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Instrumentation, Measurement, and Metrology

Spatially modulated illumination microscopy using one objective lens

[+] Author Affiliations
Hans Mathée

Universität Heidelberg, Applied Optics and Information Processing, Kirchhoff-Institut für Physik, INF 227, 69120 Heidelberg, Germany

Christoph Wotzlaw

Universität Duisburg-Essen, Institut für Physiologie, Hufelandstrasse 55, 45122 Essen, Germany

Christoph Cremer

Universität Heidelberg, Applied Optics and Information Processing, Kirchhoff-Institut für Physik, INF 227, 69120 Heidelberg, Germany and Institute for Molecular Biophysics, The Jackson Laboratory, Bar Harbor, Maine

Udo Birk

Universität Heidelberg, Applied Optics and Information Processing, Kirchhoff-Institut für Physik, INF 227, 69120 Heidelberg, Germany

David Baddeley

Universität Heidelberg, Applied Optics and Information Processing, Kirchhoff-Institut für Physik, INF 227, 69120 Heidelberg, Germany

Opt. Eng. 46(8), 083603 (August 03, 2007). doi:10.1117/1.2768085
History: Received September 18, 2006; Revised February 08, 2007; Accepted February 22, 2007; Published August 03, 2007
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The spatially modulated illumination (SMI) microscope is a wide-field fluorescence microscope featuring axially structured illumination, through which access to information about subresolution object structures is obtained. We present a simplified setup where the interference pattern is generated by reflecting the laser beam with a mirror. We characterize our setup by presenting measurements on fluorescent microspheres with diameters ranging from 44 to 200nm. The results agree well with the sizes provided by the manufacturer. Furthermore, the spheres are analyzed with 458-, 514-, 488-, and 568-nm excitation wavelengths, giving good agreement of the sizes determined at the respective wavelengths. A measurement of the same objects using different excitation wavelengths leads to a size difference of a few nano-meters only. The potential of SMI microscopy for the fast analysis of many fluorescent objects is also addressed. In addition, the applicability to biological specimens is shown on fluorescently labeled, specific chromatin domains. The results obtained using the presented mirror geometry agree well with data obtained using a standard SMI microscope setup.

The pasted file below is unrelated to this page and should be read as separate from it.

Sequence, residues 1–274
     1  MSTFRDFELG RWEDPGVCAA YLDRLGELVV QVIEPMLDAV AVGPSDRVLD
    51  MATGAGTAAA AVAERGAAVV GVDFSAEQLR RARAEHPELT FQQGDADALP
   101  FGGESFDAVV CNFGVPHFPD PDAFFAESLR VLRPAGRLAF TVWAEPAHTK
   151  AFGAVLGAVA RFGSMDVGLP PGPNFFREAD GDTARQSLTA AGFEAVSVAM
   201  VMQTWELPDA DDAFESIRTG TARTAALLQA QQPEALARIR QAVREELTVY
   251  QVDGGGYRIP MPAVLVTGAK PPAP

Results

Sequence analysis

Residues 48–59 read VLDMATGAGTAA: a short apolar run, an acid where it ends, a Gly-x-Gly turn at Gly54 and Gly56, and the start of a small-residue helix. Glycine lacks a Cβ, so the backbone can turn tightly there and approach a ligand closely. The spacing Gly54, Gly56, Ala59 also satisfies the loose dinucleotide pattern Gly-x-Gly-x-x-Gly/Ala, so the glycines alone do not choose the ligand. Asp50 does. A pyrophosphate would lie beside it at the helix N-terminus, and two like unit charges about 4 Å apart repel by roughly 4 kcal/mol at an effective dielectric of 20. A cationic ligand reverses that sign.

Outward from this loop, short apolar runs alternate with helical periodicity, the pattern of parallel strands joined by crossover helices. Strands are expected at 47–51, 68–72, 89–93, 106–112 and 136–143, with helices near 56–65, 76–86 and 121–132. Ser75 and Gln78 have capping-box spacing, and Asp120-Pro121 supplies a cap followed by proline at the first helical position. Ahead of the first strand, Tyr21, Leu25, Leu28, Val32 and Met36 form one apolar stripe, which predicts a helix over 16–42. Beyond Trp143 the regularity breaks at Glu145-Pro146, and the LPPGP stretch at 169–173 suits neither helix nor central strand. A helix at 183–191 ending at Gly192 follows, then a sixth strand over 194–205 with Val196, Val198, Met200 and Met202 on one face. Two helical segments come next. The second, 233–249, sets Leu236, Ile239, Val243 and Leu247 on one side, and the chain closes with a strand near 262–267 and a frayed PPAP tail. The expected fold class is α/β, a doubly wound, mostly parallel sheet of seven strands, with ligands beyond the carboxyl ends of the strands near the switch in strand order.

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© 2007 Society of Photo-Optical Instrumentation Engineers

Citation

Hans Mathée ; Christoph Wotzlaw ; Christoph Cremer ; Udo Birk and David Baddeley
"Spatially modulated illumination microscopy using one objective lens", Opt. Eng. 46(8), 083603 (August 03, 2007). ; http://dx.doi.org/10.1117/1.2768085


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